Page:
Posted by Share-Net NL on March 24, 2015 at 4:32 am
Poverty alone is not necessarily a driver of HIV risk. It interacts with other structural factors – including mobility, social and economic inequalities, and a lack of education and social capital – that increase HIV vulnerability, especially among groups such as young women. In turn, HIV can push people into poverty, placing adolescent girls and women in risky situations and compounding overall vulnerability. Social protection, especially cash transfers, can play a powerful role in addressing these structural drivers of HIV infection risk. UNICEF and EPRI have written a policy brief, that explains the recent evidence and gives policy recommendations. The summary of the brief can hopefully help you to further understand the importance of social protection in preventing HIV.
Evidence from South Africa’s Child Support Grant e.g. shows that female adolescents living in households receiving cash transfers were less likely to have sex in exchange for food, shelter, school fees, transport or money. Households receiving transfers generally increase their spending on and consumption of food. By reducing food insecurity, and other poverty and inequality-related drivers of risky sexual behaviour, social protection thus contributes to HIV prevention.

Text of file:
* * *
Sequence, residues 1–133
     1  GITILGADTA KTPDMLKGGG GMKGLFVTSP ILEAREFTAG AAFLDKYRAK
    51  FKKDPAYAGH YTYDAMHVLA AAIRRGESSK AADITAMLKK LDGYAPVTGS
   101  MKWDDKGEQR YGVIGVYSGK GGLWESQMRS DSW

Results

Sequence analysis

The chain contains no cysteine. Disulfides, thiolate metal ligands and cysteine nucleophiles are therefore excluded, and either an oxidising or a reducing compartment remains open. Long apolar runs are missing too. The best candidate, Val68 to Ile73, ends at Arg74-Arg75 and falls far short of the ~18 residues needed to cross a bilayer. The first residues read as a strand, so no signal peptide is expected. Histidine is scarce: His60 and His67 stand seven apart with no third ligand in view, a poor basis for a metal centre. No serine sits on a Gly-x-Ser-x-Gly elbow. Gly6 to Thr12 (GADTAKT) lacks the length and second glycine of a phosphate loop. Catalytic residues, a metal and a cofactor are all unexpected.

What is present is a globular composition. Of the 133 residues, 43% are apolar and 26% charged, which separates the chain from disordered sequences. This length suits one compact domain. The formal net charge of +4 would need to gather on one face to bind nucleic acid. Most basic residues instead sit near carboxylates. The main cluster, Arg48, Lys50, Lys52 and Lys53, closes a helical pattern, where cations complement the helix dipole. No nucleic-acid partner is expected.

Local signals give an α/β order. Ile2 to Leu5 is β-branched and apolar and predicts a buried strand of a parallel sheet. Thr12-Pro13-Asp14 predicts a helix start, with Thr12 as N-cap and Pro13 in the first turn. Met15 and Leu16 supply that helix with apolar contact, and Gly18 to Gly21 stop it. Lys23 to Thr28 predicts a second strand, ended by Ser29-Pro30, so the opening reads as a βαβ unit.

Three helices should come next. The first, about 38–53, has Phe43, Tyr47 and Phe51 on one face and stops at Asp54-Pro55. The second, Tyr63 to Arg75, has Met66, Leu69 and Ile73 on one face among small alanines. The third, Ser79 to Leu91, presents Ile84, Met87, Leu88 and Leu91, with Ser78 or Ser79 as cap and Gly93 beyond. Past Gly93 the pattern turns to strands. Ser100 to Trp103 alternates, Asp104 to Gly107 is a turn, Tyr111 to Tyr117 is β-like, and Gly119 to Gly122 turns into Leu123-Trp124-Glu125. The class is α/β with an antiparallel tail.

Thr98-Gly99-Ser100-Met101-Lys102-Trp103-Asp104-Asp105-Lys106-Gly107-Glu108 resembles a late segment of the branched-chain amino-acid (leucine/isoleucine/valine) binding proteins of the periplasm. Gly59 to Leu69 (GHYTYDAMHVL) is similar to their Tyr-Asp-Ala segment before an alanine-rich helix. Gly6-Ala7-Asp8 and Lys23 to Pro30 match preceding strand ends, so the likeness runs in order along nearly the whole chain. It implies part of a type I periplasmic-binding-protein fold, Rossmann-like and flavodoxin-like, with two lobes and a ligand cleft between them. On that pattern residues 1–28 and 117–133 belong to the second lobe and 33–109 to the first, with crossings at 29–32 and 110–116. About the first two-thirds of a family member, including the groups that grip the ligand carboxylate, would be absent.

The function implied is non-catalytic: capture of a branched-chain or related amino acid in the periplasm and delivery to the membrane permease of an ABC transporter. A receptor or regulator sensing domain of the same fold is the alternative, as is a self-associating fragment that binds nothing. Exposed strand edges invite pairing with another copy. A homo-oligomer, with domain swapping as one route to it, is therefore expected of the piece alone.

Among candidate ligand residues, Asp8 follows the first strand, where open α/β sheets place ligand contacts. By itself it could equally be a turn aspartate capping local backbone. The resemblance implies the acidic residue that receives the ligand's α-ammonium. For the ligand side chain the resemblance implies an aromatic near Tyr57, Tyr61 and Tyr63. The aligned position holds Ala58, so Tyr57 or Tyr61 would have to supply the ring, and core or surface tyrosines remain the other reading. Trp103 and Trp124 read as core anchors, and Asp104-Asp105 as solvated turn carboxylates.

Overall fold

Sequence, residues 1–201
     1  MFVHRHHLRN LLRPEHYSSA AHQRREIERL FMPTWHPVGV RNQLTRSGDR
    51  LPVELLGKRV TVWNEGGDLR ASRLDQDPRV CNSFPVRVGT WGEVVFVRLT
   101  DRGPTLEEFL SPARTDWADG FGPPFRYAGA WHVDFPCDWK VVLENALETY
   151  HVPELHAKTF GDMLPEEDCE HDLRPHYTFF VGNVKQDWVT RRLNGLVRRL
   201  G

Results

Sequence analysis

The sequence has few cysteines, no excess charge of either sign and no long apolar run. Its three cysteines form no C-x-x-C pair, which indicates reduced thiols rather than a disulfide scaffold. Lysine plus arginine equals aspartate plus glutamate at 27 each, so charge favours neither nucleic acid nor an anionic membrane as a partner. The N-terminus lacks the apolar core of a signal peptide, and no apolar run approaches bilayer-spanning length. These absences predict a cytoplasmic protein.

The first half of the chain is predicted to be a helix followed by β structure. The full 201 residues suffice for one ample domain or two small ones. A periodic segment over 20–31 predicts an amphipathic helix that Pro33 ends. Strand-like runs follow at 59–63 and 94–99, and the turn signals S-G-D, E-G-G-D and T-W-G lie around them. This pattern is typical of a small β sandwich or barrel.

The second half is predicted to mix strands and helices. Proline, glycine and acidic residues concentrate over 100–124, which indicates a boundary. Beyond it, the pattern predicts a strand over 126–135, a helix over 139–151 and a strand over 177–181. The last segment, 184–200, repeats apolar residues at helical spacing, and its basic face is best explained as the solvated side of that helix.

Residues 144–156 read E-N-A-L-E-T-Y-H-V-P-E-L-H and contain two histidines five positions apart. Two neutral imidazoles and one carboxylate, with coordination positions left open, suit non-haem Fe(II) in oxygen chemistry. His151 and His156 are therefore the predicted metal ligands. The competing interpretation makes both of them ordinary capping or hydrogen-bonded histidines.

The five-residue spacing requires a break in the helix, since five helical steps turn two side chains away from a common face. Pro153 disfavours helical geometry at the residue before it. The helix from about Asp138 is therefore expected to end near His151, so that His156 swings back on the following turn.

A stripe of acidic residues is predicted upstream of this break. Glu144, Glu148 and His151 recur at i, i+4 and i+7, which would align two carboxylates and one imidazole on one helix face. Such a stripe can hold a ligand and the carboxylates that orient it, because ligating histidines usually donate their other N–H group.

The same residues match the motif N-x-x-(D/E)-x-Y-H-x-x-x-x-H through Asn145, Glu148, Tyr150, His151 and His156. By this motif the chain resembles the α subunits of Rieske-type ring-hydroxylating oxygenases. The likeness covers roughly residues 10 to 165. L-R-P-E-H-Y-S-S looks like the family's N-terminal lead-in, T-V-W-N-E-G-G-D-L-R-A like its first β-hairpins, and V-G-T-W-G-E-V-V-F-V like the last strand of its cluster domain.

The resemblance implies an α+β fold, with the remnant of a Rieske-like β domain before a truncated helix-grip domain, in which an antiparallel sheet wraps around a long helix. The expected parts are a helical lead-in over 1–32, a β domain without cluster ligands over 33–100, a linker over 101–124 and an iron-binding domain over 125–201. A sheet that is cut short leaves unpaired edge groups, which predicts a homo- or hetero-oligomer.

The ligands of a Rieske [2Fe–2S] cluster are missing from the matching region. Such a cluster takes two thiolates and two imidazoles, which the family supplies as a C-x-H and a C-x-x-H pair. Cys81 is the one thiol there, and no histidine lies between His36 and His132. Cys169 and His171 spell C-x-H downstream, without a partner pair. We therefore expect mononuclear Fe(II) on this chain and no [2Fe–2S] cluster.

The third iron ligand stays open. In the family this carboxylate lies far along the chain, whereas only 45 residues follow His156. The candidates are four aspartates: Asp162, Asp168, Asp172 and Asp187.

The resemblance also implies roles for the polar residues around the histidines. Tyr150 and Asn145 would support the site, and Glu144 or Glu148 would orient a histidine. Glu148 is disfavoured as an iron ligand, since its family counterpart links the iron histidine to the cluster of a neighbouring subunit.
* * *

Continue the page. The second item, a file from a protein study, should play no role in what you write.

Social protection furthermore strengthens prevention gains through education. Education is considered a ‘social vaccine’ for HIV due to a direct link between educational attainment and reduced HIV vulnerability. A strong body of evidence demonstrates that cash and in-kind transfers (such as food and uniforms) can increase school enrolment and attendance. A study in Zimbabwe showed a reduction in school dropout rates by 82% 2 years after cash and in-kind transfers were introduced.
Social protection promotes gender equality. Empowerment of women and girls can increase their social status and strengthen their ability to negotiate sexual relationships. An example from Zimbabwe shows that adolescent girls were reported to have more equitable gender attitudes and were able to demand condom use or refuse sex.
Social protection has the potential to address both direct and indirect barriers to accessing healthcare. A cash transfer, for example, may free up financial resources to make transportation costs toclinics affordable. Evidence from an Indian programme where women were given cash to deliver in a health facility showed an increase in number of antenatal care visits and an increase of health facility based deliveries. Social protection programmes thus hold the potential to increase the uptake of critical prevention health services, such as HIV treatment, counselling and testing, andPMTCT services.
This article is based on the HIV-Sensitive Social Protection Policy Brief entitled Social Protection Programmes Contribute to HIV Prevention, January 2015 by UNICEF and EPRI.
Discussion Paper: Cash Transfers and HIV Prevention, UNDP, 2014.
HIV and Social Protection, UNAIDS 2014 Guidance
This article appeared in the Children and AIDS e-news of February 2015. Read this 7th edition or sign up for upcoming editions.